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When it comes to food, “recooked” isn’t generally a term met with much affection. The dairy world, however, gives us a fine exception in ricotta cheese.
Ricotta — Italian for recooked — isn’t exactly a stranger to most Americans, who tend to love it in their lasagna and stuffed pasta shells.
But as cheeses go, its versatility is vastly underappreciated, mostly because few people realize how it’s made, or why that matters for how they use it.
So let’s start there. Ricotta got its name because it is made literally by recooking the liquid left over from making other cheese, often mozzarella. This is possible because when the mozzarella or other cheese is made, most but not all of the protein is removed from the liquid, usually cow’s milk.
That leftover protein can be recooked and coagulated using a different, acid-based process (a rennet-based method is used to make the first batch of cheese). The result is a soft, granular cheese with a texture somewhere between yogurt and cottage cheese. The taste is mild, milky, salty and slightly acidic.
And that acid is key. When cheese is formed using acid, the proteins become heat resistant. In other words, the cheese doesn’t melt.
So ricotta falls in the same category as paneer, halloumi, queso blanco and other cheeses that can be heated without melting.
This is why ricotta is such a fine choice for lasagna, stuffed shells, ravioli and cheesecake. It heats wonderfully, but doesn’t reduce to a pool of goo.
In Italy, there are many varieties of ricotta, including smoked and baked. Here, most grocers carry only the more perishable soft, moist variety sold in tubs.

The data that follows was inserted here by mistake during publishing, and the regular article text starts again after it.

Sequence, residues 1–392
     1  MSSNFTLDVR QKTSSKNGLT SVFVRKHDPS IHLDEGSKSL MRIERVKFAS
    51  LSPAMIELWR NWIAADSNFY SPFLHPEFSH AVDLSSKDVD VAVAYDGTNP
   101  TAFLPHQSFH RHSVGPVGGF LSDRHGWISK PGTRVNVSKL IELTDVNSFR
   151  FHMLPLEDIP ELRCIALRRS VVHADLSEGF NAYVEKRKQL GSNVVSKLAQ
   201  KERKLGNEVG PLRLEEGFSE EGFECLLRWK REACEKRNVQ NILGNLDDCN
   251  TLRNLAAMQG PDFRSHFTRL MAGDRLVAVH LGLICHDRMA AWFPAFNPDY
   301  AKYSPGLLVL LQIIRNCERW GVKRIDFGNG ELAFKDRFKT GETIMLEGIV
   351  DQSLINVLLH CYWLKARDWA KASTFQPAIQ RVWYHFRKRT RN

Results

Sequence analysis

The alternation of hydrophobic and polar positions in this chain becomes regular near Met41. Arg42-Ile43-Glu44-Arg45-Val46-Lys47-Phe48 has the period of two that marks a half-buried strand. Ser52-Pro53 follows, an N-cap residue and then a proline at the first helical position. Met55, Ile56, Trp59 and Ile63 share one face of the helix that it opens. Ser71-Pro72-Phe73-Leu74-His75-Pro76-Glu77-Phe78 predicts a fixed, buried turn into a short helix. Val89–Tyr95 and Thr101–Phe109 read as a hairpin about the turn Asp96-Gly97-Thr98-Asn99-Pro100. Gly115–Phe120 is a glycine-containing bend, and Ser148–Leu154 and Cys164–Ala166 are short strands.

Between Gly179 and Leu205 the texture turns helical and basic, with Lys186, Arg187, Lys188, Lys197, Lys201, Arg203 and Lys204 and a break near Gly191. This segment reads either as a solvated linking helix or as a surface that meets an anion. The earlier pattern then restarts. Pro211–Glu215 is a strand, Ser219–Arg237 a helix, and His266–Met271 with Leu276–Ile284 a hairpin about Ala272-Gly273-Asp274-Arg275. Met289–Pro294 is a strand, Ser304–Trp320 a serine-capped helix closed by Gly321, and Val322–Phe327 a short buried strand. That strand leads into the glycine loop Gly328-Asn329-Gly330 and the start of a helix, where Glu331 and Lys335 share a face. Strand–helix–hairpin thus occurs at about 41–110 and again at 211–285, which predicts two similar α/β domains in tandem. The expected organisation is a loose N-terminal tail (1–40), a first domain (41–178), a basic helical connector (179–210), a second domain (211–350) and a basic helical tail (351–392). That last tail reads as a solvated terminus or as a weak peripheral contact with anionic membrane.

So now that you know what it is and why it won’t melt, what should you do with it?
• You know it’s great with pasta, but it also pairs wonderfully with that other Italian import — pizza! Top a red or white pizza with mounds of ricotta and bake are you normally would.
• Fill overturned portobello mushroom caps with ricotta mixed with chopped fresh herbs and garlic, then grill over medium heat until the bottoms are browned and the cheese is hot.
• Spike ricotta with honey and cinnamon, then layer in wide glasses with fresh berries for a parfait.
• Cut slits into boneless, skinless chicken breasts, then spoon herbed ricotta into the center. Dredge the stuffed chicken breasts through egg, flour and panko breadcrumbs, then bake.
Start to finish: 30
Makes 30 bites
Two 1.9-ounce packages frozen mini filo dough cups (15 cups per package)
½ cup part-skim ricotta cheese
¼ teaspoon garlic powder
¼ teaspoon salt
¼ teaspoon ground black pepper
½ cup crabmeat, finely chopped
Grated Parmesan cheese
Heat the oven to 400 degrees F. Arrange the filo cups on a rimmed baking sheet.
In a blender, combine the ricotta, eggs, garlic powder, salt and pepper. Blend until very smooth. Stir the crabmeat into the egg mixture.
Carefully spoon a bit of the mixture into each filo cup, filling each about three-quarters full.
Sprinkle a bit of Parmesan over each cup, then bake for 15 to 20 minutes, or until the filling is set and starting to brown.
The quiche bites can be served hot, room temperature or chilled.
J.M. Hirsch is the national food editor for The Associated Press. He is the author of the recent cookbook High Flavor, Low Labor: Reinventing Weeknight Cooking. He also blogs at LunchBoxBlues.com.